Behind the Seams: A Short Story

an exclusive look at how one of our favorite men’s
designs, vintage tent shorts, comes together
Our vintage tent shorts are constructed of sturdy weathered canvas from actual 1940s-era tents. Once we receive the designs, we give them our stamp of approval (literally).
(from top left)

Our graphics guru, Tito, designs each stamp in-house, then takes them to be custom-made in the East Village, just steps from our office.

One by one, the shorts are hand marked by one of our men’s designers.

A close-up of the interior pocket after being stamped—we also number each style in the limited-edition collections.

The finished product.

Behind the Designs: Soludos

Nick Brown, the mastermind behind Soludos®, gives us a peek at some of
his design inspirations (we’re dreaming of colorful cars, warm-weather
destinations and Mediterranean markets)
“I love this picture of Copacabana Beach in the ’70s—few do summer better than the Cariocas (natives of Rio de Janeiro). The classic colors of the Volkswagen Bugs here really impacted my collection for J.Crew—I don’t think anyone should ever shy away from a pop of color in the summertime.”
“I took the above snap with a few friends in Montauk a couple of summers ago. It always takes me back to long, spontaneous beach weekends…There’s an understated but cool style to this place in particular.”
“Here are some old photos of espadrilles being made by artisans in Barcelona—these authentic styles are the ones that inspired me to start Soludos. We’ve updated them slightly by using more contemporary cuts and fabrics.”

Behind the Seams: How to Make a Prints Charming

we asked our in-house print master,
David, to walk us through how he makes
his perfectly pretty patterns
A print is born: The prints usually start out as actual drawings or paintings that vary in size from large canvases to tiny little laser-cut wood panels. We turn them into digital files, send them off and they return to us in the form of lovely fabric. We also design plenty of plaids and stripes, which are done completely on the computer, but the art-based prints are really intricate and fun.

Hands on: I always prefer working on physical objects, like paintings. I love bumping around in my studio, not having exact ideas as to how things will look, what mediums I’ll use, etc. The paint itself has a randomness that you can’t get on a computer, but there are some obvious advantages to working digitally; for example, it is way easier to create a repeated image on a computer than it is to paint it into an actual piece of artwork. And, of course, it’s always nice to have an undo button.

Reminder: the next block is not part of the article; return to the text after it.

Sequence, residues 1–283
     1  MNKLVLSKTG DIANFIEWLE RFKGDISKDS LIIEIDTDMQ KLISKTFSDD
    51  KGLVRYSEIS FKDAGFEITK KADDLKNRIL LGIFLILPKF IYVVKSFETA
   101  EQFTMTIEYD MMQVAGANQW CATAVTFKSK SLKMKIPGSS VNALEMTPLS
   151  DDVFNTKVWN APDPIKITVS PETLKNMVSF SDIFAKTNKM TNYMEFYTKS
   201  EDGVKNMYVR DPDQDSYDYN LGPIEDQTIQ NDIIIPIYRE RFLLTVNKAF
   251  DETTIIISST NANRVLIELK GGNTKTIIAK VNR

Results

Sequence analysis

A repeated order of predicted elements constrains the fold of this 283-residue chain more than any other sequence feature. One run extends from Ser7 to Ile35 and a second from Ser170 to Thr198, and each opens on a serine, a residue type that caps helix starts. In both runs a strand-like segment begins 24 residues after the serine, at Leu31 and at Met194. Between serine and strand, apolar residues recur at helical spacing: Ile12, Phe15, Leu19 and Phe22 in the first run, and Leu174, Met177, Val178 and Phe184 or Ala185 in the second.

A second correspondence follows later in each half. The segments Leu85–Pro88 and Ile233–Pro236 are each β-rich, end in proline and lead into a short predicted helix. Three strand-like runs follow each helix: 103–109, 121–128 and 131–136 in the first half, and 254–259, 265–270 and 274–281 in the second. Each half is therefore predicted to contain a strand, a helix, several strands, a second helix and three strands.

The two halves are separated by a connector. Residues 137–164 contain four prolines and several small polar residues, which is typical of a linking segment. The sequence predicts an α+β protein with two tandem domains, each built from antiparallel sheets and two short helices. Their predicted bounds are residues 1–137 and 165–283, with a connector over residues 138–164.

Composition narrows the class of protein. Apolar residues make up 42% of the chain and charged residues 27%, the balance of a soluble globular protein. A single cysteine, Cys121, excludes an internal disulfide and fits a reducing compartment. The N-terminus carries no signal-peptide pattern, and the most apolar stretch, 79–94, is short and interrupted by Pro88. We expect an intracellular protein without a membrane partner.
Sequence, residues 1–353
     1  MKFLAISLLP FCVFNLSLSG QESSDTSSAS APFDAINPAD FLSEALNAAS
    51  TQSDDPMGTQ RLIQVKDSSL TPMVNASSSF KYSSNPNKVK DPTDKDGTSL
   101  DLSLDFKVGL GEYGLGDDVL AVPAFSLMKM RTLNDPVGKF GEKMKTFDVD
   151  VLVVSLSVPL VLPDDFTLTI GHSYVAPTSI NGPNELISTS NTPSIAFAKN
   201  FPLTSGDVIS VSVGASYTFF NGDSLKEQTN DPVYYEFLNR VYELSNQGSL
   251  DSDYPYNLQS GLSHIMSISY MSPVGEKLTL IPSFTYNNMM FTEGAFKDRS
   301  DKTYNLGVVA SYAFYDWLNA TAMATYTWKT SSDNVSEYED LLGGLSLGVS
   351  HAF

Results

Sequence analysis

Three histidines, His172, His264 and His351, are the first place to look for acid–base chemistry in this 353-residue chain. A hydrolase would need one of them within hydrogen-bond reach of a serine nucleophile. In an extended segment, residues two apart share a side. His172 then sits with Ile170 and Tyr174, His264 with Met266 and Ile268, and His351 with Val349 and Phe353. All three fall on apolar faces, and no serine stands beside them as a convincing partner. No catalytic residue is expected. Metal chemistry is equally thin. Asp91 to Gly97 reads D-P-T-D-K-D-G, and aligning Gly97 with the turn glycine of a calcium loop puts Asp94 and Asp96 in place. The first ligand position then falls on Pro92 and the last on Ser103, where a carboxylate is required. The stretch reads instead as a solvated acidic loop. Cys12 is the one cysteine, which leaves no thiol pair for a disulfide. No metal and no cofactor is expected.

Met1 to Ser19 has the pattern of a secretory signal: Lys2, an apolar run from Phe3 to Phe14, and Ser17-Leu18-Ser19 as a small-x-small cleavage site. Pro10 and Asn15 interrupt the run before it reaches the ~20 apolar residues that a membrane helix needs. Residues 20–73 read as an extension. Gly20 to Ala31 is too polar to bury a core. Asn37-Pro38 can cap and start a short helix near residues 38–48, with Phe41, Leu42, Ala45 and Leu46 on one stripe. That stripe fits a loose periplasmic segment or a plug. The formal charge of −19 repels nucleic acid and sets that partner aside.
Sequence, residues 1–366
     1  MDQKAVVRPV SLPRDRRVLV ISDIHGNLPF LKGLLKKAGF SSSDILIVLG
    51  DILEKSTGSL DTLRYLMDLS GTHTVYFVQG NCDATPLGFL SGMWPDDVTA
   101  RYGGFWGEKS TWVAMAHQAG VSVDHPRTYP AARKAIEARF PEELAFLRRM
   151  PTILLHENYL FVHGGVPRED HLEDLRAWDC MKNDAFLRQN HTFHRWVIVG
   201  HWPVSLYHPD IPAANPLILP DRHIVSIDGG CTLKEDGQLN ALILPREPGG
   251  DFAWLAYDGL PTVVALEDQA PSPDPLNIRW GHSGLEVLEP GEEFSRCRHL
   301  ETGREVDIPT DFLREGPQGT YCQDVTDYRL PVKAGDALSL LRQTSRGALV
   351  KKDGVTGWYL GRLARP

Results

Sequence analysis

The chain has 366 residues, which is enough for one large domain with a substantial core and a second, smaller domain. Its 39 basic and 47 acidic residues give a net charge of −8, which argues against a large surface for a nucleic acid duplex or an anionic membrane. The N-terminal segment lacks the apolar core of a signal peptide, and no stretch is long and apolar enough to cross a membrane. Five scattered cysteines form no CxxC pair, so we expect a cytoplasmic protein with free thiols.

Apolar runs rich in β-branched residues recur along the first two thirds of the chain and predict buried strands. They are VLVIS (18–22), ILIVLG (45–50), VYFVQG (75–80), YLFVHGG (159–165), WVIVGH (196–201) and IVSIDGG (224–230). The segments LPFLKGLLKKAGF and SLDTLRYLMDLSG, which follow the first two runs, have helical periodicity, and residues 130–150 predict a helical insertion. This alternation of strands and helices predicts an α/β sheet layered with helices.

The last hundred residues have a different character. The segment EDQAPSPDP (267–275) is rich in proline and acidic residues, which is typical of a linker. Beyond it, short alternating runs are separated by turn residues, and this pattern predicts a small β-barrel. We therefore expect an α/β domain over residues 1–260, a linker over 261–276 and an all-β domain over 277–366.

Keeping it simple: The more complex I make things, the more difficult they are to turn into a workable, printable pattern. The director of the textile design department is the best at doing the more complex digital side of this. There have certainly been times when I’m in my studio working and thinking to myself, “Man, he is going to hate me when I bring these paintings in.” It can be a pain but sometimes it’s the price you have to pay to make a great print!
An artist’s life: My background is as a painter and a fine artist, so I grew up painting a lot of vegetation and landscapes. When I paint for J.Crew, I’m usually inspired by the vintage fabrics they source, which are pretty amazing. I talk a lot with the designers, so I’m often inspired by what they are looking at as well, and then make new artwork based on those things. Honestly, inspiration is everywhere—I just have to keep my eyes open for it.

shop all our accessories

Behind the Seams: Belt It Out

a firsthand look at how our beloved belts are made,
courtesy of our accessories guru, Liv
Buckle up: Circa is the name of the factory where most of our belts are made—it’s located in San Francisco and has been around since 1967. It operates like a family-owned business, and most of the workers have been there for years. They’re all very hands-on, which is quite lovely to see—I was lucky enough to go out there in September to witness all of the inner workings.

1. Whirl around: This is a tumbling drum, used to give the belts an aged or vintage look. Belts can go around and around on these machines for up to 120 minutes, depending on how worn we want them to appear. The drum pictured here is actually about 60 years old; Circa purchased it a decade or so ago at an auction in Italy.

2. To die for: The die shop is where all of the belt designs start to take shape—literally! “Die” refers to the metal stencil cutters, which are used to create the patterns and shapes for each of our belts (especially a perforated or cutout design), and every die that Circa uses is made out of recycled metals. The two guys in charge of this process at Circa, Porforio and Julien, have been at the factory for over a quarter of a century.

3. Leather library: This is just a small snapshot of some of the fun, bright leathers that I discovered while at Circa.

4. Sew perfect: Keow Tan has been sewing Circa’s samples by hand for over 35 years! Watching her work in person made me really appreciate the detail that goes into making one little belt.

Check out all of our belts at

Behind the Seams: Knit Trip

we talked to a couple of our in-house sweater experts,
Andrea and Natalie, to get the inside scoop on the
design team’s most recent journey to Florence, Italy,
for Pitti Filati—the world’s largest yarn show
Showstopper: Pitti Filati is like the Oscars of yarn shows. Top designers from around the world flock here each year, and the things we see are important indicators of what the season’s biggest sweater trends will be, especially in terms of color and material.